June 13, 2017

Let’s talk about Julius-Donald Caesar-Trump: Stop being outraged, especially at the Public Theater’s production


In an interview about his 1937 production of Julius Caesar, Orson Welles said, “All of Shakespeare’s great characters are swine… They all are in Julius Caesar. It’s a very interesting play because Shakespeare has feelings for and against everyone in it.”

A similar sentiment could be taken from Oskar Eustis’s interpretation, currently at the Delacorte Theater, part of the Shakespeare in the Park series, through the end of the week. In it, Julius Caesar is depicted as Donald Trump. Calpurnia as Melania Trump. Mark Antony as Kellyanne Conway. Brutus as… an honorable man (Reince Priebus?), a conscientious citizen perhaps, but one so lacking in moral imagination that the audience hardly believes his good intentions for killing Trum—er, Caesar.

In the end, the audience is saddened and appalled by everyone, just as Welles might have intended when he produced the play in the thirties with Roman senators in green German overcoats, and a secret police force—headed by Cassius, perhaps the only unselfish anti-authoritarian character in the play—murdering Caesar from within the Nazi party.

The death of Caesar is a precursor to both further violence and the dissolution of democracy. Mark Antony (Conway, remember) rouses her fellow countrymen to hate the Senate and love the memory of their fallen leader. And inevitably, the backlash is even more brutal than the assassination itself. Rome becomes a police state and Mark Antony uses her new authority to execute political enemies, mostly played by black actors in this production, underscoring increased racial tensions around the country.

In the end, everyone dies except Mark Antony and Octavius. The melodrama is complete when douche-bro Octavius, Caesar’s son à la Donald Jr., assumes full power and honors Brutus with a military funeral, declaring the victory of tyranny to be a happy day.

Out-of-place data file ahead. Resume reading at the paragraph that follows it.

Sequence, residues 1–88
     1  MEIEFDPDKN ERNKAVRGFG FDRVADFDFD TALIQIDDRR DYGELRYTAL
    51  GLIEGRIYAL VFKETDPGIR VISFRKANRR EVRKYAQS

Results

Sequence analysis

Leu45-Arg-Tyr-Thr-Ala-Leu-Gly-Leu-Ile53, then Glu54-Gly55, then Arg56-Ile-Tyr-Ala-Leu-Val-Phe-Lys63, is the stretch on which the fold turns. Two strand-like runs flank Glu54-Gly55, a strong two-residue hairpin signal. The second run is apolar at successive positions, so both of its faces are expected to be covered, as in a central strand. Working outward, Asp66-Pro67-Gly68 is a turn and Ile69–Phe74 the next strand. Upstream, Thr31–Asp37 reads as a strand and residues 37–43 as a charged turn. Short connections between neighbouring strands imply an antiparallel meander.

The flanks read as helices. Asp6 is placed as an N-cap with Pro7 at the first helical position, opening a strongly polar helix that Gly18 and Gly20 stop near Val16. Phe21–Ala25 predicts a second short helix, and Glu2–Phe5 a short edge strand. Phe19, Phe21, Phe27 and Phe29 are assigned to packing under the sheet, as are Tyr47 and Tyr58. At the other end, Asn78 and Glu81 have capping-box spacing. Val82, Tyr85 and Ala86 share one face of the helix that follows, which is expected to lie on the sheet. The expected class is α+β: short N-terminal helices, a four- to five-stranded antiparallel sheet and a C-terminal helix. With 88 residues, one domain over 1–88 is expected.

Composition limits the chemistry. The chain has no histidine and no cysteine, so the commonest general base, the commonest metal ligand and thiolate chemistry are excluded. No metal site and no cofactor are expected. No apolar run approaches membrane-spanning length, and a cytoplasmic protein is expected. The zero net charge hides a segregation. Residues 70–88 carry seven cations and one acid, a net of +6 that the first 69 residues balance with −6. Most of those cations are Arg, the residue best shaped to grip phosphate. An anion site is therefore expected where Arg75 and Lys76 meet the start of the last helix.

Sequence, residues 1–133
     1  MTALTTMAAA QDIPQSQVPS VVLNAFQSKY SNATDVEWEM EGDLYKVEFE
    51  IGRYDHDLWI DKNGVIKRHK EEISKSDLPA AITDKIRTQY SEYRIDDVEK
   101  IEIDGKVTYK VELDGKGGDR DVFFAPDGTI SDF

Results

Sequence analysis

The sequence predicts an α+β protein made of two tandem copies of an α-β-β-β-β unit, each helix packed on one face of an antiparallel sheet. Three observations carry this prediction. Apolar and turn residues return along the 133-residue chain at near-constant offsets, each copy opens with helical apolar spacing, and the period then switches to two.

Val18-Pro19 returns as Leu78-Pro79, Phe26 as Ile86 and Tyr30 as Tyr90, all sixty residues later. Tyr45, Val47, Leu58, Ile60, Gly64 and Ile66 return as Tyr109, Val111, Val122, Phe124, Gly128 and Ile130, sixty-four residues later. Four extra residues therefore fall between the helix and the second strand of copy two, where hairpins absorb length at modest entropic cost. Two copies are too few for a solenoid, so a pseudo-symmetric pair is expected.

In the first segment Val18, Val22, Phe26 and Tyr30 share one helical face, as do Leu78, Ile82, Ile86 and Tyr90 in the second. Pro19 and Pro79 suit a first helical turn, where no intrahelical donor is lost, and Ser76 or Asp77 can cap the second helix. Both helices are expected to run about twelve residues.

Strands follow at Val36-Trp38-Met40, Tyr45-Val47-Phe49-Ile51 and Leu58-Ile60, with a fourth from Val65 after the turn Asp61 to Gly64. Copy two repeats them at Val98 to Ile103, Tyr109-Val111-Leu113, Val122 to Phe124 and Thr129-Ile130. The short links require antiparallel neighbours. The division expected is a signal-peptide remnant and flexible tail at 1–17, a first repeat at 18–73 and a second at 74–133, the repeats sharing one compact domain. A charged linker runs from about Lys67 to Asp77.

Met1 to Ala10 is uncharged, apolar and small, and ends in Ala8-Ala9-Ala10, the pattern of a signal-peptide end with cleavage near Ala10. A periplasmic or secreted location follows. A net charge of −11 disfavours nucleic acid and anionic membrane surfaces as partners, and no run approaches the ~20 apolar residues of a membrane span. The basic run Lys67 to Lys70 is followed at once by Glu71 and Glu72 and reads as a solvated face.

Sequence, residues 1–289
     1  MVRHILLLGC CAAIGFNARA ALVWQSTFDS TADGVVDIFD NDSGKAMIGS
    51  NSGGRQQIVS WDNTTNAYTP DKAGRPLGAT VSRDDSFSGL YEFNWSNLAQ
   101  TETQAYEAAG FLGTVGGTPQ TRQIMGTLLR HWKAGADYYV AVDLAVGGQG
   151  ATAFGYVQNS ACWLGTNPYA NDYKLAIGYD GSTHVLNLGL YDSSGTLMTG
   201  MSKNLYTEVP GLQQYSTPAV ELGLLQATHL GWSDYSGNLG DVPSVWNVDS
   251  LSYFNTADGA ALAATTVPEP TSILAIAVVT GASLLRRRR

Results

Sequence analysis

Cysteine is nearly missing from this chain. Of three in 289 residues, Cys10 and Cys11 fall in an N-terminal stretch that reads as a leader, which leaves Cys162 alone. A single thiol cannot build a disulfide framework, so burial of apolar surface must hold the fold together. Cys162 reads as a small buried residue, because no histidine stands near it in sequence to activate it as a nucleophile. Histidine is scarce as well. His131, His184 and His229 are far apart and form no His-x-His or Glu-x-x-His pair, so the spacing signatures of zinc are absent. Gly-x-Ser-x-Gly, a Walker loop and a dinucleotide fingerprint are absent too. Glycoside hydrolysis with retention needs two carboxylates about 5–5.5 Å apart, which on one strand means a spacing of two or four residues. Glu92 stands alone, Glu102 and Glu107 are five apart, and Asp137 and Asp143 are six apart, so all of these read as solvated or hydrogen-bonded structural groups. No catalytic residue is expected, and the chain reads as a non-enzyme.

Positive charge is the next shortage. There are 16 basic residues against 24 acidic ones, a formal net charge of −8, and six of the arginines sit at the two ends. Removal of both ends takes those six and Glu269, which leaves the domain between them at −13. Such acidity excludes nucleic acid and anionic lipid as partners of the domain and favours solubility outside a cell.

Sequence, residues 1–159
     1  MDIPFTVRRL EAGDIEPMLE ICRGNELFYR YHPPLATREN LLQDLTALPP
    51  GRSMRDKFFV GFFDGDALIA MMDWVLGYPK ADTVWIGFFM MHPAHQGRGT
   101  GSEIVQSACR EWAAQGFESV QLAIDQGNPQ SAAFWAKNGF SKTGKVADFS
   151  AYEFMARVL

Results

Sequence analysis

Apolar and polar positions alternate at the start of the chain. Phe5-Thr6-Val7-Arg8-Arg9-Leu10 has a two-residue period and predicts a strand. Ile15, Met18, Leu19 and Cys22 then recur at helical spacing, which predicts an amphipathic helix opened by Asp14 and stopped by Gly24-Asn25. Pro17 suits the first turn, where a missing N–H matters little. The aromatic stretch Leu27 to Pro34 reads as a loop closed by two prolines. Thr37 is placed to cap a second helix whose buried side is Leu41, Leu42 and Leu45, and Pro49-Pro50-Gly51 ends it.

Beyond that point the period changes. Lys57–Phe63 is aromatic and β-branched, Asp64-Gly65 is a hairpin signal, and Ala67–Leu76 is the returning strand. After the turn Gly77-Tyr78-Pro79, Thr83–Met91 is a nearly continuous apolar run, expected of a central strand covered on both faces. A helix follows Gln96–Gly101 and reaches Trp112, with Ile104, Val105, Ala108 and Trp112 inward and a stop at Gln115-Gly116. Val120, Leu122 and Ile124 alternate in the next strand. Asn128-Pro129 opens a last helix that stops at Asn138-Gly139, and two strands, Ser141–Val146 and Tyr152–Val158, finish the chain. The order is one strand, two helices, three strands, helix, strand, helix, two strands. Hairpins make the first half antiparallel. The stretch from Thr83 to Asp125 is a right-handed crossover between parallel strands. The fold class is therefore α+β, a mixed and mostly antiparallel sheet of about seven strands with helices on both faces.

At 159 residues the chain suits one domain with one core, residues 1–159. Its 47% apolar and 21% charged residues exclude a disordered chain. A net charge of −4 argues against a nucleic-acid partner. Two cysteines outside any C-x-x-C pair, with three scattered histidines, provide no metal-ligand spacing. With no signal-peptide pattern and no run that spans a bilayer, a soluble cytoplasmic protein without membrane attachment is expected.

The story of modern America’s reaction to this play unfolds as we might have expected: Breitbart got upset that Trump was stabbed; Fox News got upset that more people weren’t upset; sponsors started pulling support; and other media start explaining that everyone is misinterpreting the play. Naturally, people were tweeting asinine and factually incorrect things all the while, including douche-bro non-politico (for now) Donald Jr.

This story feels all too familiar. Someone is outraged. Someone else gets outraged at their outrage.

Outrage is now a trope more familiar than the plot of Julius Caesar, a play that concerns itself with the death of a Roman emperor-to-be and the subsequent manipulation of citizens through false outrage in pursuit of authoritarianism.  But hey, that’s easy to forget. Almost as easy to forget as that time Obama was the inspiration for a production of the same play… ahem, remember thatDelta Airlines?

The play is certainly unsettling. Anyone would say so. But is it overly violent? No. Is it overly graphic? No. It depicts a man being murdered for his arrogance and malicious behavior. To those that say it is wrong to imagine Trump in this scenario, I say: you are a big fat liar if you claim you haven’t imagined Trump’s assassination. Both liberals and conservatives have pondered this scenario. We elected the least popular president in modern times, and it’s only natural to imagine the possibility of his demise. It’s not a question of for or against, appropriate or inappropriate; it’s a question of the decline of Rome. Said another way, could our country survive an ignominious victory like Brutus’s? Could the world?

Ultimately, I’m bothered by the outrage because, like most outrage, it’s disingenuous. No one attending this production cheers when Caesar-Trump is brutally stabbed. The audience sits there terrified. They think about how real and present a possibility Trump’s death might be, and how tightly wound our society really is — the danger of being continually at odds with one’s neighbors.

I’m not a theater critic, “but here I am to speak what I do know.” I understand the context in which Mark Antony says those words at Caesar’s funeral — some well-timed pathos to remind Rome that they loved their great leader. It makes me wonder: what could be more appropriate for our time than adoring a man so much that the plebes would rather avenge Caesar-Trump, dismantling our present civilization if necessary, than bear any of his disgrace… even when it’s in the guise of a 400-year-old play.

“If you have tears, prepare to shed them now.”



Peter Clark is a former Melville House sales manager.